When Family Disapproves
Q: I recently accepted a proposal of marriage from my sweetie of a year and a half. He is seven years yrs younger than I am. His parents came to visit for a week right after we became engaged, and it became readily apparent that they came to break us up. Their plan was to grab my fiancé and take him away to another city for the week (I was not invited). He spent the whole time fighting with them. During this visit he actually asked me to put the engagement on hold until his father "approved of us marrying." I was devastated that he would even suggest this to me, and saw it as their ploy to break us up, not as guidance, or an opening to genuinely get to know me.
My sweetie apologized profusely after they left and has not spoken to them in almost two months. We were to have married in half a year, but now I would like to elope. He's not willing to move the date up. He moved in last weekend, and we're trying to get settled. Now he says he'd like to get married "sometime in the future." Am I losing my mind? But what exactly does this ring mean anyway? I love him, but am feeling anxious (at best), about what is going on.--Laurie, 35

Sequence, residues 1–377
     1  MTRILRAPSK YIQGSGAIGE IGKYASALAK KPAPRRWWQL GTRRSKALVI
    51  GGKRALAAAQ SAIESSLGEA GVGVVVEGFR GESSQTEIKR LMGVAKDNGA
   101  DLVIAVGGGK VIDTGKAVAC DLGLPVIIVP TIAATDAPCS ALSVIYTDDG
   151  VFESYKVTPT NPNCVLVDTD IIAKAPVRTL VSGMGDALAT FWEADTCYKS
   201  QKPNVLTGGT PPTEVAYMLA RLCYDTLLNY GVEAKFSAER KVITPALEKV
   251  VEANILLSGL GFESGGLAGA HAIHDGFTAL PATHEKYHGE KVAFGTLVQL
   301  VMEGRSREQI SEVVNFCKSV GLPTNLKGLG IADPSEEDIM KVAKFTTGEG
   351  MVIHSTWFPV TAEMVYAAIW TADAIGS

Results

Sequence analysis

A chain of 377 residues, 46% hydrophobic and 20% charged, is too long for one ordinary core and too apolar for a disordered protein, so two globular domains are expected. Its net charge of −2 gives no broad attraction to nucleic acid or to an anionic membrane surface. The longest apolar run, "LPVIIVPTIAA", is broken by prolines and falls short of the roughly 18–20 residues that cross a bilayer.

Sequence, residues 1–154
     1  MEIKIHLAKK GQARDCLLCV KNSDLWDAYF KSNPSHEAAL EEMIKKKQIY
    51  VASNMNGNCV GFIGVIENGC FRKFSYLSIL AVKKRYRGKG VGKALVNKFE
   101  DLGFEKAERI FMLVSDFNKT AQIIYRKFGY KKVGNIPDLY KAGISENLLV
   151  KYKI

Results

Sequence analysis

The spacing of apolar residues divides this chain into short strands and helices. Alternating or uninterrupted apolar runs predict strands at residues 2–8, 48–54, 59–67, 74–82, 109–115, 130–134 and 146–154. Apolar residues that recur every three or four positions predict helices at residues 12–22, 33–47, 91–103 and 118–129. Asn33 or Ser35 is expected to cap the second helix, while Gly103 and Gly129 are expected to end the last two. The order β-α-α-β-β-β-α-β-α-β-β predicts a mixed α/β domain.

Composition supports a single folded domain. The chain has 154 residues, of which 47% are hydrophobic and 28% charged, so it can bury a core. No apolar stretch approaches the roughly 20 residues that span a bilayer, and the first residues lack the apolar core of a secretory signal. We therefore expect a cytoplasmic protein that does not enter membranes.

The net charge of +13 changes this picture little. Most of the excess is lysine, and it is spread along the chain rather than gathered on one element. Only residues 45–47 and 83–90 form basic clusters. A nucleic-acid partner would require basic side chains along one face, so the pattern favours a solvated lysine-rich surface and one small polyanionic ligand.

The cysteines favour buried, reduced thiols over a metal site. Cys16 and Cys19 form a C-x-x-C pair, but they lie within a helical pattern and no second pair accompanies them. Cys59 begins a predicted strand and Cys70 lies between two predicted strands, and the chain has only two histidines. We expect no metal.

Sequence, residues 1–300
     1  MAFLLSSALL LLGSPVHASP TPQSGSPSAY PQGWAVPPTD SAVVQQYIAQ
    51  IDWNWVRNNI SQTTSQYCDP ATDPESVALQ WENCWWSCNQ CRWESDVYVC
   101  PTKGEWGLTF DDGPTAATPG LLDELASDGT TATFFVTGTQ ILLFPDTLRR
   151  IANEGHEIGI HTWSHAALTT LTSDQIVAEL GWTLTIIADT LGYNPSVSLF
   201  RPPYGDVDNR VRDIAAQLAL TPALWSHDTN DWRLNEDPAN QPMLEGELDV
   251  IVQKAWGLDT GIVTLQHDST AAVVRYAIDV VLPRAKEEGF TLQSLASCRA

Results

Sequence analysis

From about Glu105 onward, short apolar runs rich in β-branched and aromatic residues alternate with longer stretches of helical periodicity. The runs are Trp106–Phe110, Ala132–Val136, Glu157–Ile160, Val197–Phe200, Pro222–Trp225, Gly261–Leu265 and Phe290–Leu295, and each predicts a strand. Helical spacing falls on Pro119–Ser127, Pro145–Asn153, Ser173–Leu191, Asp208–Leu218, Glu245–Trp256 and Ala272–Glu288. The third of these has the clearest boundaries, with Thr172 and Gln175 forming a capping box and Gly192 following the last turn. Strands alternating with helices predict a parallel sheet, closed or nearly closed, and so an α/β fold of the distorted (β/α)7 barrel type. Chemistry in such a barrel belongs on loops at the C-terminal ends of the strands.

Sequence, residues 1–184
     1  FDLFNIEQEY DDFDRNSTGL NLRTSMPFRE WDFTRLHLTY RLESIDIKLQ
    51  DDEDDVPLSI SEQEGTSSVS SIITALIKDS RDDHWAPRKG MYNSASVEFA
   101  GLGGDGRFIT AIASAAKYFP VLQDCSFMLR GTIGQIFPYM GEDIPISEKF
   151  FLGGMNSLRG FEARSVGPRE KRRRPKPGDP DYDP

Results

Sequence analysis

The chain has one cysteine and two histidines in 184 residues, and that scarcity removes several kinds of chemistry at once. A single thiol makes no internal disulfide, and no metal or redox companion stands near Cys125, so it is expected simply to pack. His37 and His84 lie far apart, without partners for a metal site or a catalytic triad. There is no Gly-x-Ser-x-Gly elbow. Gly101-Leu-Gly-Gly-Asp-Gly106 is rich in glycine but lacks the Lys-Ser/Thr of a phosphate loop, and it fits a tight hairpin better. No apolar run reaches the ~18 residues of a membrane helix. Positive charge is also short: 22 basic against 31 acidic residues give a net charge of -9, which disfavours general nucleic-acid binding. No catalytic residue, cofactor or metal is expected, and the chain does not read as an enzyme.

Dr. Susan: Apparently your sweetie is in no hurry to go against his family's wishes and marry you. Now that you're living together, it's possible that a wedding no longer seems so necessary to him. The ring is a commitment, sure, but wedding vows are more binding. Anyway, are you rushing him because you need to be sure he's still as determined to be with you after that awful parental visit? Insisting that it takes a year to plan a wedding is an excuse. If his parents won't be involved, he probably wants a very simple wedding. And yet he said no to eloping. It's impossible to know what's going on in his mind and how disturbed he is by his family's objections. I suggest you two take some time to discuss all this, putting the focus on the two of you, not on the details of a wedding. (Talk, too, about how many years he plans to wait before making a baby. With your age difference, that too could become a big issue.)
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Susan K. Perry, Ph.D.
Susan K. Perry, Ph.D., is a social psychologist, relationship expert, and bestselling and award-winning author. Her books include Loving in Flow: How the Happiest Couples Get and Stay That Way, and Kylie's Heel, a novel for adults.
Pamela G. Chollet, Ph.D.
Dr. Pamela Chollet has a Ph.D. in clinical psychology and Master degrees in educational psychology and fine arts. Her passion has been helping people face and get through those times when they feel trapped and unable to move forward.
Anna Charbonneau, Ph.D.
Anna Charbonneau, Ph.D., is a clinical psychologist, stress management expert, and author. If you're feeling overwhelmed, stressed out, or struggling to make changes in your life, Anna can help.